By: Jeffrey Lapin
On January 29, 2013, the Food and Drug Administration (FDA) sent a “Warning Letter” to a Florida herbal supplement manufacturer alleging problems in their manufacturing process as well as marketing, on their website, some of their supplements as a “drug,” in violation of the Federal Food, Drug and Cosmetic Act (FD&C Act.). The marketing violation, based, in part, on results from the website’s search tool, seemingly indicates that the FDA is looking at “keywords” and metadata in determining whether a product’s online marketing violates the Act.
THE FD&C ACT AND THE FDA
The Federal Food, Drug, and Cosmetic Act (FD&C Act), originally passed in 1938, among other things, gave the U.S. Food and Drug Administration (FDA) the power to oversee the safety of food, drugs, and cosmetics. It has been amended several times to include additional powers and supervision over other things by the FDA and other U.S. agencies. The FD&C Act can be found in the U.S. Code beginning at 21 U.S.C. 301.
The FDA is an agency within the U.S. Department of Health and Human Services. According to its website the FDA is responsible for:
- Protecting the public health by assuring that foods are safe, wholesome, sanitary and properly labeled; human and veterinary drugs, and vaccines and other biological products and medical devices intended for human use are safe and effective;
- Protecting the public from electronic product radiation;
- Assuring cosmetics and dietary supplements are safe and properly labeled;
- Regulating tobacco products;
- Advancing the public health by helping to speed product innovations; and
- Helping the public get the accurate science-based information they need to use medicines, devices, and foods to improve their health.
KEYWORDS AND METADATA
Metadata is usually defined as “data about data.” Data.gov expands on this definition, “Metadata describes a number of characteristics, or attributes, of data; that is, ‘data that describes data’.”. NISO, the National Information Standards Organization, a non-profit association accredited by the American National Standards Institute (ANSI), identifies, develops, maintains, and publishes technical standards to manage information in our changing and ever-more digital environment. A NISO publication states,
There are three main types of metadata: Descriptive; Structural and Administrative … Metadata can describe resources at any level of aggregation. It can describe a collection, a single resource, or a component part of a larger resource. … Metadata can be embedded in a digital object or it can be stored separately. Metadata is often embedded in HTML documents and the headers of images. … An important reason for creating descriptive metadata is to facilitate discovery of relevant information.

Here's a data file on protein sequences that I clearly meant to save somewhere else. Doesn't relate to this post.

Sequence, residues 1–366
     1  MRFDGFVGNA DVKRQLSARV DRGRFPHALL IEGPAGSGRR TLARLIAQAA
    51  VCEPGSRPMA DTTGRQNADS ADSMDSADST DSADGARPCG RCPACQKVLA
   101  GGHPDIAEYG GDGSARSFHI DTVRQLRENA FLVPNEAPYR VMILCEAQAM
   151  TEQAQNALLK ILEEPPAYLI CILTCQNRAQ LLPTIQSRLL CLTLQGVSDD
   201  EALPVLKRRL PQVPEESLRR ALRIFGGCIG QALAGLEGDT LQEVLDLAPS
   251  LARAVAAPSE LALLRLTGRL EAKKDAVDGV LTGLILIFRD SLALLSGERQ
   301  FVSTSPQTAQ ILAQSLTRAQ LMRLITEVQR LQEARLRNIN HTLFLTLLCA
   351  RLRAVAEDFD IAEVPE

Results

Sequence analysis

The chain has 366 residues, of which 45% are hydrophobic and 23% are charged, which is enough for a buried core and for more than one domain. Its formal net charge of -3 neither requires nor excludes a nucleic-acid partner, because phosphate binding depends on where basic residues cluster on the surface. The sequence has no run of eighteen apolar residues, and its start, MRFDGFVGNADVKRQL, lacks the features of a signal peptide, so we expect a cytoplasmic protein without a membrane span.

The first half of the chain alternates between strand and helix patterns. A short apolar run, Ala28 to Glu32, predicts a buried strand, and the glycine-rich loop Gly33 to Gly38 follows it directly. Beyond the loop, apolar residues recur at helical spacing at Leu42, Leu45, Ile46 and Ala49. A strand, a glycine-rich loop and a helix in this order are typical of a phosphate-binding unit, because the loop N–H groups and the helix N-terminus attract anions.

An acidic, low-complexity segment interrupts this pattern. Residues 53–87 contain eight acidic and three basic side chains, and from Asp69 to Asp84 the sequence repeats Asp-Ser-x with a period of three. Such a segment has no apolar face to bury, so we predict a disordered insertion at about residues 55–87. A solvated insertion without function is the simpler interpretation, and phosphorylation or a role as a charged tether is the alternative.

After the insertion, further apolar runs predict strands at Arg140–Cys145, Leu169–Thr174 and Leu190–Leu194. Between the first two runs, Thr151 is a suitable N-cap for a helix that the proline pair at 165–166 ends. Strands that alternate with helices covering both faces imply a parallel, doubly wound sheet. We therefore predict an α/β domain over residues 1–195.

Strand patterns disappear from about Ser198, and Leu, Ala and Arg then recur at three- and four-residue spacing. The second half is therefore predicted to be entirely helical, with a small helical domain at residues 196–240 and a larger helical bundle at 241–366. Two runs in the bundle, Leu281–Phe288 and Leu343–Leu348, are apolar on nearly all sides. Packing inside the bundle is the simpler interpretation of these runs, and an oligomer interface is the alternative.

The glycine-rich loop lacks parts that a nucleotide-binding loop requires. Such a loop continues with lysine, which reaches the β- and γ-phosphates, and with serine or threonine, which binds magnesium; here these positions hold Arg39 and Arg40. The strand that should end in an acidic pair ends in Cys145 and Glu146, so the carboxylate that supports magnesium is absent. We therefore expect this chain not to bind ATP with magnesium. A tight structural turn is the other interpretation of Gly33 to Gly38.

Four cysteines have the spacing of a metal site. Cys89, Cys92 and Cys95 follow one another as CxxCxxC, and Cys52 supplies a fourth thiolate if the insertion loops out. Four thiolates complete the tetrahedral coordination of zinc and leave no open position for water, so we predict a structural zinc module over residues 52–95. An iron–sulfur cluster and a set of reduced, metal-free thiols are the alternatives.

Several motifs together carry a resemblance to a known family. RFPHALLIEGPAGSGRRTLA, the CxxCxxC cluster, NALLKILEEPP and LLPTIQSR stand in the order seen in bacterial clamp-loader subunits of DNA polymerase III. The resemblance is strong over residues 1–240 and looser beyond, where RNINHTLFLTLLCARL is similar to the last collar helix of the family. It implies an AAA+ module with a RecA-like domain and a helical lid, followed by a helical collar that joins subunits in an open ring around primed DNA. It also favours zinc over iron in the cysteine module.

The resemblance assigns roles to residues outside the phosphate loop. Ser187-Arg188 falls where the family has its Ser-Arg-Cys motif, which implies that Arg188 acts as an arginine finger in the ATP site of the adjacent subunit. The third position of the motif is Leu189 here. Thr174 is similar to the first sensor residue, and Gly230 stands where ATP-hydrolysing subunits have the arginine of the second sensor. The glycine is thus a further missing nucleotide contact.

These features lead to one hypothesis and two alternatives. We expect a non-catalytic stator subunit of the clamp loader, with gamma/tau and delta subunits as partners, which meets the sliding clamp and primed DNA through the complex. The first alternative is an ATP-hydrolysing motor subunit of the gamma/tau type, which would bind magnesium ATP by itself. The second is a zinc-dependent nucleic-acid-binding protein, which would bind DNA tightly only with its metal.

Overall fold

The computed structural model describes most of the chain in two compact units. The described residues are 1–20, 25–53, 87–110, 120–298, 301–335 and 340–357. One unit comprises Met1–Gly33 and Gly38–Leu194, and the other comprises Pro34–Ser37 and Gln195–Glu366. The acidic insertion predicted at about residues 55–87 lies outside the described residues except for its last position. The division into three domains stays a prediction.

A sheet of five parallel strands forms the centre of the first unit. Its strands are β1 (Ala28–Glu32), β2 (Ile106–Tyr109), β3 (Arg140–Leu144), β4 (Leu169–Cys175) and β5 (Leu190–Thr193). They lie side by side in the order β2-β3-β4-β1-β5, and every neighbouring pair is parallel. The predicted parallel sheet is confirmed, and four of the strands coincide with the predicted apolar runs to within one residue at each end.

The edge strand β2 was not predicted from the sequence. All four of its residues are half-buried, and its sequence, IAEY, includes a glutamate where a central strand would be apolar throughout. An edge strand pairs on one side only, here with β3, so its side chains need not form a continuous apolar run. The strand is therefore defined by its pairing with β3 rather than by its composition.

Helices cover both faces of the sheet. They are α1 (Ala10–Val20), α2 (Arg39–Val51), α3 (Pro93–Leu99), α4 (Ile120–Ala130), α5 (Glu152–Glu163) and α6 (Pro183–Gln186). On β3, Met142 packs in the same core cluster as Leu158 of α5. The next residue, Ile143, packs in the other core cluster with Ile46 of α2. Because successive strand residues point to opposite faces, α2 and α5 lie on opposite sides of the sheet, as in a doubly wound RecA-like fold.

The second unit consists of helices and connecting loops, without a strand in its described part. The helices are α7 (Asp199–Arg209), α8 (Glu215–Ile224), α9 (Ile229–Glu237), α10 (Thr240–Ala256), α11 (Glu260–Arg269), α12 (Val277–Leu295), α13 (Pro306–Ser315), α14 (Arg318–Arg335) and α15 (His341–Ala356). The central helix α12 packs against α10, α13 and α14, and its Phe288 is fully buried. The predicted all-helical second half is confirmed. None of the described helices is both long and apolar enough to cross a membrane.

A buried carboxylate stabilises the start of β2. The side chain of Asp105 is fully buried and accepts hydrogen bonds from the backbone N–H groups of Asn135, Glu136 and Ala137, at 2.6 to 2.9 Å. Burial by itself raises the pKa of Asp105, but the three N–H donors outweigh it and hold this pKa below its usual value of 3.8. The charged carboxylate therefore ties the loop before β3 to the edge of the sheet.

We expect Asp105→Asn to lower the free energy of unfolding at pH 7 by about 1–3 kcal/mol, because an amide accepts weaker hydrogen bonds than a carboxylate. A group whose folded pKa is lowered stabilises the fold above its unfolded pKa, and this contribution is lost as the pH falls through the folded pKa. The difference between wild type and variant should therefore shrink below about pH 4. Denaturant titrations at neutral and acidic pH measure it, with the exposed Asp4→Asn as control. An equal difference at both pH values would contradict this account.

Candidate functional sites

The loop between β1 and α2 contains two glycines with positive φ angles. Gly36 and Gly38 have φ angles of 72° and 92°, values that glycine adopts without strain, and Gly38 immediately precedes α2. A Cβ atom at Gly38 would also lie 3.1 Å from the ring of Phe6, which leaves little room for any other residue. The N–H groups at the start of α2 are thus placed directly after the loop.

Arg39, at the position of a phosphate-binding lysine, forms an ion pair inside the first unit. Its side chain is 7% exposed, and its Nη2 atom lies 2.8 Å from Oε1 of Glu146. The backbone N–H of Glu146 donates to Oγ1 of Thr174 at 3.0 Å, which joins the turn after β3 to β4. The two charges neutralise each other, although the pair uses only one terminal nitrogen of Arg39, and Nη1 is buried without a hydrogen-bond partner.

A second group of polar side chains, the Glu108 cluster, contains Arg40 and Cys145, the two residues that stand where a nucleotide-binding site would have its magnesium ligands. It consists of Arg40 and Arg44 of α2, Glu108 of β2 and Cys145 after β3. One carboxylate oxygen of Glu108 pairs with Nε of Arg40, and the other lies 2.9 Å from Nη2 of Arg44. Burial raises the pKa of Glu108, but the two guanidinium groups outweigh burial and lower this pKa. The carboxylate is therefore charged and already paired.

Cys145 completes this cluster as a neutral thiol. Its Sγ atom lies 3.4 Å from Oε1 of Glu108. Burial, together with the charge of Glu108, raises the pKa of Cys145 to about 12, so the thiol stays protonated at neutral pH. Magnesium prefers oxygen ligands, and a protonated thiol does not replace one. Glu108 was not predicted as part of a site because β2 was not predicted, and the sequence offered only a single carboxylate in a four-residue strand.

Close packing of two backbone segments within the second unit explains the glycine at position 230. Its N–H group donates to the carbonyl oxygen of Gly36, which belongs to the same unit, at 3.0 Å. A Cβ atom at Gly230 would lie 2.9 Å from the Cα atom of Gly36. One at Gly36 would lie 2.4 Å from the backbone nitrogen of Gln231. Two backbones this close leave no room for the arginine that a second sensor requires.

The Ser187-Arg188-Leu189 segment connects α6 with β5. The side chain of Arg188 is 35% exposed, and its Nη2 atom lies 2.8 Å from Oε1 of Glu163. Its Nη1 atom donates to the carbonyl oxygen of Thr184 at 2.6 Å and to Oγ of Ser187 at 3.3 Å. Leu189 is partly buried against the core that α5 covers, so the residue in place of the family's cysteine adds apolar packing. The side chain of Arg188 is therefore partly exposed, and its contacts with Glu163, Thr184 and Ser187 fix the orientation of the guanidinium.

“Keywords” have been defined as:
Used to describe the content of the resource. The element may use controlled vocabularies or words or phrases that describe the subject or content of the resource.
More simply, a keyword is a word or phrase that basically describes what it is you are looking for. Website designers can manipulate metadata so that certain pages or information show up based on keyword searches.
FDA REGULATION OF KEYWORDS AND METADATA
On January 29, 2013, Emma Singleton, Director, of the FDA’s Florida District, sent a “Warning Letter” to M.D.R. Fitness Corporation, which manufactures and sells herbal supplements, regarding alleged manufacturing practice deficiencies as well as a handful of supplements being marketed on their website as a “drug,” which would violate the Federal Food, Drug and Cosmetic Act (FD&C Act.). This Warning Letter states, in part:
In addition, typing the key word “cancer” or “diabetes” into your product search field located on your website brings up your product lists to include … [certain product listed] and others, implying your products are intended for use in the diagnosis, cure, mitigation, treatment or prevention of such diseases.
The full FDA Warning Letter can be found on the FDA’s website: M.D.R. Fitness Corp. 1/29/13.
This sentence can be interpreted to mean that a simple keyword search on the site that brings up results that “imply” that a product is intended for an FDA-unapproved use would be enough to be in violation of the FD&C. It is not known to this author how MDR’s search results are determined, whether based on metadata or other data coding. If this is the FDA’s new policy, it would appear that it will be actively searching drug and herbal supplemental company websites to determine whether there are “implications” of wrongdoing. This will require both manual visual searches of the sites themselves and possibly an examination of the “invisible” metadata.
While the FDA should fulfill its legal duty to protect consumers against misfounded, misleading or false claims by drug and herbal supplements makers, the bigger question is how does the FDA intend on reviewing these sites within its current budget. It also, presumably, would require the hiring of web specialists trained in reviewing metadata and similar web design coding. Furthermore, is this just a first step into governmental scrutiny into other areas that it governs on the internet. Most importantly, will U.S. Constitutionally protected free speech eventually be regulated online, including not only the actual content but its underlying metadata?
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